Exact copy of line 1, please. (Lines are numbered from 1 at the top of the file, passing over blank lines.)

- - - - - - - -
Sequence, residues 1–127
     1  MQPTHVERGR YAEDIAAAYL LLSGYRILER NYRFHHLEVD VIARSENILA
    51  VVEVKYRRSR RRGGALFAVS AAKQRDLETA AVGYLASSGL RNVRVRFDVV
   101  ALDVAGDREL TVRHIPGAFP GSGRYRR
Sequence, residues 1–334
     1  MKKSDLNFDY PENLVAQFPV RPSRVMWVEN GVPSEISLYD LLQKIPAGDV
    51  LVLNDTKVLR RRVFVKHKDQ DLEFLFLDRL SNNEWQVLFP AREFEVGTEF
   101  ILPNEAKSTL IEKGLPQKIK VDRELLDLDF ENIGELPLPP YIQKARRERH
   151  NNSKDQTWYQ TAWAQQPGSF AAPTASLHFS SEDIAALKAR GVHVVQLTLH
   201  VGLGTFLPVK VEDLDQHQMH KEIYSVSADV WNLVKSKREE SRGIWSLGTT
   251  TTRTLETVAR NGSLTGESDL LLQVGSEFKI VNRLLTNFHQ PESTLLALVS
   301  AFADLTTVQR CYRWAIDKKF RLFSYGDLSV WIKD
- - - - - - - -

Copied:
Sequence, residues 1–127